No other artifacts from the ancient store where the necklace has been found indicate that it itself might have been a jeweler’s shop.
“If this had been a place for jewelry, we would have found other adornments as well, and some tools. But we are finding in what had been turned into a home towards the end of the 4th century AD," Vagalinski explains.
It is noted that the Ancient Thracian, Greek, and Roman city named after Hercules suffered several earthquakes during the eight centuries when it existed.
By the end of the 4th century AD, it had lost much of its glory, which is also visible from the fact that the one-time main square stores were then used as everyday homes.
The discovery of a millstone for turning wheat into flour is one find that testifies to this development.
The newly discovered Roman gold necklace is said to be typical of the period between the 2nd and 5th century AD. Such necklaces were produced by specialized jewelers in the capital of the Roman Empire.
“This is a typical Roman product, of the Istmion type. These were made in large ateliers in the capital, and that’s why their craftsmanship was so uniform," the lead archaeologist says.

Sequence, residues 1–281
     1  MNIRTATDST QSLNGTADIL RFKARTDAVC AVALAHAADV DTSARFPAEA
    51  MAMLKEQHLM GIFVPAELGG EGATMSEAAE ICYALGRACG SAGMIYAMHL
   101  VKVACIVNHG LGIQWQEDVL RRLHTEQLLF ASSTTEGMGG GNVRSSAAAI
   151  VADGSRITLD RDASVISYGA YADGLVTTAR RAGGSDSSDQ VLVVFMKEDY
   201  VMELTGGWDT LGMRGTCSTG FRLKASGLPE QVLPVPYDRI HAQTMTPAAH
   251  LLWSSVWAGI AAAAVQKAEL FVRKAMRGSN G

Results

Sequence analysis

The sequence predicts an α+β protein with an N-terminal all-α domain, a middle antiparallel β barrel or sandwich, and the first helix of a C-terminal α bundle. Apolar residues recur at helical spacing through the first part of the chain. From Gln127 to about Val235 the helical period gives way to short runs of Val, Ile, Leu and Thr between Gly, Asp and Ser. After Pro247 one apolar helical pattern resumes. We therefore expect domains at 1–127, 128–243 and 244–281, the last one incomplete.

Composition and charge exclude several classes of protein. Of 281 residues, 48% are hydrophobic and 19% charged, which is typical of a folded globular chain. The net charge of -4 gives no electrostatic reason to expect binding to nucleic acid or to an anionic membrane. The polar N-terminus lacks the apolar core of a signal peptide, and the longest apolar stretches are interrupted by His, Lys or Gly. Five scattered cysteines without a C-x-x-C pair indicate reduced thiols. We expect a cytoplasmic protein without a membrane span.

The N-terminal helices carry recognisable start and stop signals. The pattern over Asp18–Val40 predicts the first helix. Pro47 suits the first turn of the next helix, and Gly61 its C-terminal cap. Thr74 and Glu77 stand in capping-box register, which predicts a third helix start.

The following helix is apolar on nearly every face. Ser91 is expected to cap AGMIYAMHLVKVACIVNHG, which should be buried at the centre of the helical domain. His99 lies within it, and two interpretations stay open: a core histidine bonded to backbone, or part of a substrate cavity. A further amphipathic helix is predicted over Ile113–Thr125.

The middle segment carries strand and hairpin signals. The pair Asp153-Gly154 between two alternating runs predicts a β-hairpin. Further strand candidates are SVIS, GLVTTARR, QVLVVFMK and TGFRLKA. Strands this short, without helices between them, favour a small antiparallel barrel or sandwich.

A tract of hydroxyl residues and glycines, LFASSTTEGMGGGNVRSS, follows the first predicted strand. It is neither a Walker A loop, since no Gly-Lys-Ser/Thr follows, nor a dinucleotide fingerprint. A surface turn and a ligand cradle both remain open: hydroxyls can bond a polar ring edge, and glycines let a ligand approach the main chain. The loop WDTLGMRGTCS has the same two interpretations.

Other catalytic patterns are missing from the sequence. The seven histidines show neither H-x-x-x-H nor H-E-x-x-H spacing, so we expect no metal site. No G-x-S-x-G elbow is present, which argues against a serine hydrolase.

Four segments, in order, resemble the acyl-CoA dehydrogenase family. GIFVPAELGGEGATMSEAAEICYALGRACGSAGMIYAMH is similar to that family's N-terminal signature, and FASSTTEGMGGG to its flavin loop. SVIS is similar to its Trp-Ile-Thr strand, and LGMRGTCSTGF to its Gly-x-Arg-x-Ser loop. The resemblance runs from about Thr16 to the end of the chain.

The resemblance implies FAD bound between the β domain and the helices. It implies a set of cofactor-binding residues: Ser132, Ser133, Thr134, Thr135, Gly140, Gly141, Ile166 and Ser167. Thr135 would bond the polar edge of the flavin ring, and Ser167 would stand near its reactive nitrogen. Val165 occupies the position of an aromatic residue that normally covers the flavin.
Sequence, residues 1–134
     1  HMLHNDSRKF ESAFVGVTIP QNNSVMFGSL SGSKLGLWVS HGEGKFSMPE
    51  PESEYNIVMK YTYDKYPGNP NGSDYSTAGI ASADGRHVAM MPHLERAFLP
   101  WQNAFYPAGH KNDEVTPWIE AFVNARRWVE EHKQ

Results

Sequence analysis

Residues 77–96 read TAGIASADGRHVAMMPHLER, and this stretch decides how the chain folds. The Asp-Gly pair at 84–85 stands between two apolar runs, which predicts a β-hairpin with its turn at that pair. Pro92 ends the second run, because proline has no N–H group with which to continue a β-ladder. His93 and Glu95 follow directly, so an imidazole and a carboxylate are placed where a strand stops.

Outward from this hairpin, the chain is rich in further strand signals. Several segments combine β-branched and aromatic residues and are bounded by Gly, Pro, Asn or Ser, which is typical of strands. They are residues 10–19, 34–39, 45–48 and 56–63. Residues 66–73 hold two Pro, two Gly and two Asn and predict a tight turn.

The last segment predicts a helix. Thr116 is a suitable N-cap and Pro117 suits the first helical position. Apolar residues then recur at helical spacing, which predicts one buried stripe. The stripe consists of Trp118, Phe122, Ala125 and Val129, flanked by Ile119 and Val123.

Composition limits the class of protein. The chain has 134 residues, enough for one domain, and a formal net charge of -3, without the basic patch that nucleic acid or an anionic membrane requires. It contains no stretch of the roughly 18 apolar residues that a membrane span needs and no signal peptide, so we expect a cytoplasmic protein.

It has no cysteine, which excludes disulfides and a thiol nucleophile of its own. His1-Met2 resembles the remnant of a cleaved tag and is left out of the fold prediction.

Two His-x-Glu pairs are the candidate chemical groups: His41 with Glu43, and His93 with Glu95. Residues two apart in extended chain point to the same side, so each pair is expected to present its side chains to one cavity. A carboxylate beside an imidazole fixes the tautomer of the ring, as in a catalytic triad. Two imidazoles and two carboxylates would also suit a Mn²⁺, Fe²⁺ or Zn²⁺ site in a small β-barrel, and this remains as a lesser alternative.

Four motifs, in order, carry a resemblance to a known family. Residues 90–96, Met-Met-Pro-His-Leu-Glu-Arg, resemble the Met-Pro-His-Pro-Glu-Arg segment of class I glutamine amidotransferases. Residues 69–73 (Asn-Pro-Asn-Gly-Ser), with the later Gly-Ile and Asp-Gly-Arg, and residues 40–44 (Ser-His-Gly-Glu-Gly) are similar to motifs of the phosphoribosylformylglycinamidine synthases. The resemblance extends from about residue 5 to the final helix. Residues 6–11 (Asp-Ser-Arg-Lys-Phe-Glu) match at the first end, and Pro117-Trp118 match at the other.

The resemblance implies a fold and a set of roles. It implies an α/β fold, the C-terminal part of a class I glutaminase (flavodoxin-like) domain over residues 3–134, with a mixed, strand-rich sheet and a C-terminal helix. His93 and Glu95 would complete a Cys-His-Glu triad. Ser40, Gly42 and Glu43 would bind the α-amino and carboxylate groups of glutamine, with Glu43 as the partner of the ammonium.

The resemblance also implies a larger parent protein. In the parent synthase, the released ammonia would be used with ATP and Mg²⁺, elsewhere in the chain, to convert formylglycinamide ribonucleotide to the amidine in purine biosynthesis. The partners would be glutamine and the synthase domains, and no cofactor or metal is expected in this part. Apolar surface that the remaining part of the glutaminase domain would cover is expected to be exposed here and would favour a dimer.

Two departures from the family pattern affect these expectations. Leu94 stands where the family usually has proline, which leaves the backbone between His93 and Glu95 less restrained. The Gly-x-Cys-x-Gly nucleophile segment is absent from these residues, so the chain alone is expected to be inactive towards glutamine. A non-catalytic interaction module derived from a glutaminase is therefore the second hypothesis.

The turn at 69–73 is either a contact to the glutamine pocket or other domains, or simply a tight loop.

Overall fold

“What really impresses us is that the city [of Heraclea Sintica] – up until its very last moments, the end of the 4th century AD, – had residents who were well off, and who continued to live and work there," Vagalinski elaborates.
The ruins of the Ancient Thracian, Greek, and Roman city of Heraclea Sintica near today’s Bulgarian town of Petrich. Photo: Petrich Museum of History
Photos: TV grabs from the Bulgarian National Television
His team hypothesizes that the Roman gold necklace might have been lost by its owner during the panic in the last earthquake which ultimately destroyed Heraclea Sintica.
The archaeologists have found no human remains of people who died in that or earlier earthquakes meaning that they either managed to escape, or the bodies of any casualties might have been removed.